Last water stop

We had our last station to collect water from the abyssal ocean yesterday. Just before yet another storm hit us. That last station was at ca. 41 degrees South and marked the end of our transect as we could not reach our planned last station at 38 degrees South anymore, we had to make our…

Winter Time low productivity

At c. 52degS c. 28deg E in what most likely is the Polar Frontal Zone and about a day away from the Polar Front. The photo shows a filter used to collect phytoplankton material, for pigment analysis, having ran c.30L of surface ocean water through it. Compared to summer time (Dec-Jan 2017) in the same…

Sampling for biogeochemistry of the surface ocean

Several of our posts mentioned the GoFlo bottles that we use to sample the ocean water. Those sampling bottles are specifically designed for trace metal research. We will explain their functioning in a follow-up post. Today, I wanted to show you some impressions of the sampling using so-called Niskin bottles. These bottles are assembled around…

Celebrating our lab rats

Today seems a good day to celebrate those team members that are stuck in the clean laboratory container most of the day and night. As soon as the water collecting bottles (our “GoFlo” bottles) surface from their sampling trip from the deep ocean, the carriers will bring them to the container, where Natasha, Thato, Ryan…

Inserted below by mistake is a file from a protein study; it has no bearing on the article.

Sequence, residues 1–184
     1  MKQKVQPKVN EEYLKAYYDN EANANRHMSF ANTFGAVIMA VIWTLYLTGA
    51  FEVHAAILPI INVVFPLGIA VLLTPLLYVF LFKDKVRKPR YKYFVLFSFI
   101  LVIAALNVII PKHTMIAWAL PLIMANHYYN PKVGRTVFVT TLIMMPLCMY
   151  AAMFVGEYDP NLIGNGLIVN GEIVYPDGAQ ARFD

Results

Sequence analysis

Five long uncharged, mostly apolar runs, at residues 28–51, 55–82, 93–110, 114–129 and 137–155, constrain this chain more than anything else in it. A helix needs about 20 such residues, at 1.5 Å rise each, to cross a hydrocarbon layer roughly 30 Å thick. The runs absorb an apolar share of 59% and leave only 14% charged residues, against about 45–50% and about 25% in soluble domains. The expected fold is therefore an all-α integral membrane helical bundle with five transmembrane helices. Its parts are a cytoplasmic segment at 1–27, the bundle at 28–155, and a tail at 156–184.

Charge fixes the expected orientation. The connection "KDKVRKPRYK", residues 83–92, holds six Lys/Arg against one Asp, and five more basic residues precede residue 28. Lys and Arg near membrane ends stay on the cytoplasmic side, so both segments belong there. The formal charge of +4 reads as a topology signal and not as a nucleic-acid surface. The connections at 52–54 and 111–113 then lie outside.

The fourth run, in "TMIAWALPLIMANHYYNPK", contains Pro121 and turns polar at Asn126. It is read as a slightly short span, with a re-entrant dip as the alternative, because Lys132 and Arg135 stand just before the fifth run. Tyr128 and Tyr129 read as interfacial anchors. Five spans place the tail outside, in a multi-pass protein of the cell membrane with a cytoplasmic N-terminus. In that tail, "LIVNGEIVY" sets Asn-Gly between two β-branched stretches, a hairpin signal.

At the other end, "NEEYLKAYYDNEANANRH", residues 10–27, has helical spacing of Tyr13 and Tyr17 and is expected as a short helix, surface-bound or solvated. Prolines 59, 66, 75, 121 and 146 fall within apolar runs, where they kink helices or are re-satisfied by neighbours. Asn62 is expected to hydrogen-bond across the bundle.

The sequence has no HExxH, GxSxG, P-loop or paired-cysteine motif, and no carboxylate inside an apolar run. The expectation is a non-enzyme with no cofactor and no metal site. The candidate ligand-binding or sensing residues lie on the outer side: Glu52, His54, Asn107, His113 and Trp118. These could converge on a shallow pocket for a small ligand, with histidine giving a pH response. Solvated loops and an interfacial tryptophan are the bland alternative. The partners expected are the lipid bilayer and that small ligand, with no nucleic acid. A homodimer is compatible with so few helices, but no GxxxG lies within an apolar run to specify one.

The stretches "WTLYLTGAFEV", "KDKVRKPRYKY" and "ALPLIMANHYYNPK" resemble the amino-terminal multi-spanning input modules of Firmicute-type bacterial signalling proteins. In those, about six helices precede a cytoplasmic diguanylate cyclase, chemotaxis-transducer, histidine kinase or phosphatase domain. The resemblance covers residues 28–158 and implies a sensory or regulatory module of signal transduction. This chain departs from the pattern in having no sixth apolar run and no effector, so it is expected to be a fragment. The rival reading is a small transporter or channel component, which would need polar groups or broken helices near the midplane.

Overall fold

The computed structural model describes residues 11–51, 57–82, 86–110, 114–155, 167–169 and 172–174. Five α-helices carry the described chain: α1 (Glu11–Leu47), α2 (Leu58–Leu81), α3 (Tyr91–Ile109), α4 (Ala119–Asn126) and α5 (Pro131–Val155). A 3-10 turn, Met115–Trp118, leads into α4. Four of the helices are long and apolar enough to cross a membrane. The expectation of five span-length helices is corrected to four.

Seawater pumps

One of our newest purchases this year was two so called in-situ pumps (“McLane pumps”). These pumps are lowered into the water, in our cases down to 250m and 500m on a cable, and kept at those depths for 1-2 hours to filter large volumes of water. In an hour, we can get 80L of…

Everyone gets a piece of pancake ice

The sea ice scientists collected pancakes from the ocean with a basket. Those pancakes were brought on board and stored frozen. Then they were subsampled, some were cut and some were used to drill ca. 30cm long ice cores. Our piece of pancake and ice core had to be treated with special precaution not to…